Productivity Score: Microsoft limits features of new tool following ‘workplace surveillance’ concerns

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Productivity Score will no longer identify how individual users interact with Microsoft 365 apps.

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Critics had labelled Microsoft’s new Productivity Score a ‘surveillance tool’.

Image: iStock/prostock-studio

Microsoft has dialed back components of its Productivity Score tool for
Microsoft 365

apps following concerns about user privacy.

The company faced backlash over a feature rolled out in October that allowed organizations to see how frequently a user interacts with Microsoft 365 apps over a 28-day period. Called Productivity Score, the tool assigns each 365 user in an organization a score out of 100 across categories including communication, meetings, collaboration and teamwork – which can be viewed by admins.

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 (TechRepublic)

Critics argued that Productivity Score was essentially a workplace surveillance tool that would allow organizations to keep tabs on how often individual employees did things like send email and engaged with chats on
Microsoft Teams.

Of particular concern was that Productivity Score identified each employee by their username, sparking arguments about user privacy.

Microsoft has now pared-back some of the tool’s capabilities, starting with the removal of usernames. This means that organizations will no longer be able to identify the productivity score of individual employees relating to communications, meetings, content collaboration, teamwork, and mobility measures, with the tool instead only able to aggregate data at an organization label.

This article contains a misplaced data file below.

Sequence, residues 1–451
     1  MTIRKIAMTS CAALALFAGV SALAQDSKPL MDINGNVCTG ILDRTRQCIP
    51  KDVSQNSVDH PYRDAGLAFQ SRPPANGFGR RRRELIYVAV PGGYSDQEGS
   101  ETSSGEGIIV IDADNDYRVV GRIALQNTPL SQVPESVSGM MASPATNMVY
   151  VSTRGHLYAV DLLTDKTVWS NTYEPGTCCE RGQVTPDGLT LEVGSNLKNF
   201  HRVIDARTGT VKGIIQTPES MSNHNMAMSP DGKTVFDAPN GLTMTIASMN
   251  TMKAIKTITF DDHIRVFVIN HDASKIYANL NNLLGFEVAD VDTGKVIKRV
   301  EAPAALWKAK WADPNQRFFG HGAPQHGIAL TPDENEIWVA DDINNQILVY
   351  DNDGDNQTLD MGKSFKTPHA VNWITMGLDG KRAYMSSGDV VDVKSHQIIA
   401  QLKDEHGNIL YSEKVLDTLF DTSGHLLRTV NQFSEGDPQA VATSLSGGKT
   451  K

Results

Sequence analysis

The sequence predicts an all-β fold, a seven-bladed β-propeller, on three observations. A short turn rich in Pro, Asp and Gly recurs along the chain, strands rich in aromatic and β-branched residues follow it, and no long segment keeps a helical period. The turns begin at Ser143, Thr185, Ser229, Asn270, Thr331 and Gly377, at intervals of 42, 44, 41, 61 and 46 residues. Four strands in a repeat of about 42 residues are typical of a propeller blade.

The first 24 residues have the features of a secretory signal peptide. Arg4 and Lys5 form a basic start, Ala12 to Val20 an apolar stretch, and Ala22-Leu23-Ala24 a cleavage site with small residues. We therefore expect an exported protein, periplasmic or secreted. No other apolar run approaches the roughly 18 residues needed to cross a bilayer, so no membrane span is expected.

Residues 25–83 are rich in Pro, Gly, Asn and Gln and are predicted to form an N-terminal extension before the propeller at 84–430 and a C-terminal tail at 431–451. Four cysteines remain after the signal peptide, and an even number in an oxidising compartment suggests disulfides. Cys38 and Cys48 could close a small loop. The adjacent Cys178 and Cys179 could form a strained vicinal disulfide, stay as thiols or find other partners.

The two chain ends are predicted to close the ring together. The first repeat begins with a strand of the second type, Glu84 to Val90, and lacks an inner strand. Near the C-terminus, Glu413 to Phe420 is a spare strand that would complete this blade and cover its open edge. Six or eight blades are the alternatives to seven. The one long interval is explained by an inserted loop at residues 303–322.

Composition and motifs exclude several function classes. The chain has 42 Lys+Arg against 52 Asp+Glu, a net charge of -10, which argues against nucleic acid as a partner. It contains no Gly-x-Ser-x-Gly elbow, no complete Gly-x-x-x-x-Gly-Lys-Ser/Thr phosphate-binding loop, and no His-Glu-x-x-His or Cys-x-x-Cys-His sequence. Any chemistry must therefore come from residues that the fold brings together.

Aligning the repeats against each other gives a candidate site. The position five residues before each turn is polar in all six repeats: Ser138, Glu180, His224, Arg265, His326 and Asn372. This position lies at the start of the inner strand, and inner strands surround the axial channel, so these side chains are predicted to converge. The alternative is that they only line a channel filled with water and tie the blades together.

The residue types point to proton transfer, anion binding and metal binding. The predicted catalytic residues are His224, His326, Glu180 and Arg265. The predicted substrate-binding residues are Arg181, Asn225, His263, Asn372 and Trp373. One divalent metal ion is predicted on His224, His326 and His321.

In a blog post announcing the changes, Jared Spataro, corporate vice president for Microsoft 365, said the changes had been made in response to feedback about Productivity Score – which is in preview – and “confusion about the capabilities of the product”.

Spataro said: “Productivity Score produces a score for the organization and was never designed to score individual users. We’ll make that clearer in the user interface and improve our privacy disclosures in the product to ensure that IT admins know exactly what we do and don’t track.”

Going forward, organizations won’t be able to use Productivity Score to access data about how individual users are using Microsoft 365 services, Spataro added. The CVP argued that the tool was never intended to be used for the purposes of employee surveillance, but instead as a means for IT teams to glean data insights into how Microsoft 365 apps were adopted and used across an organization, and help employees get the most out of the product suite.

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Productivity Score also includes measures for Microsoft 365 App health, network connectivity, and endpoint analytics. Spataro noted that these don’t include usernames and instead “use device-level identifiers to help IT teams troubleshoot endpoint, network, and app issues.”

“At Microsoft, we believe that data-driven insights are crucial to empowering people and organizations to achieve more,” said Spataro.

“Productivity Score is designed to help IT administrators measure and manage adoption so their people can get the most out of Microsoft 365…We always strive to get the balance right, but if and when we miss, we will listen carefully and make appropriate adjustments.”

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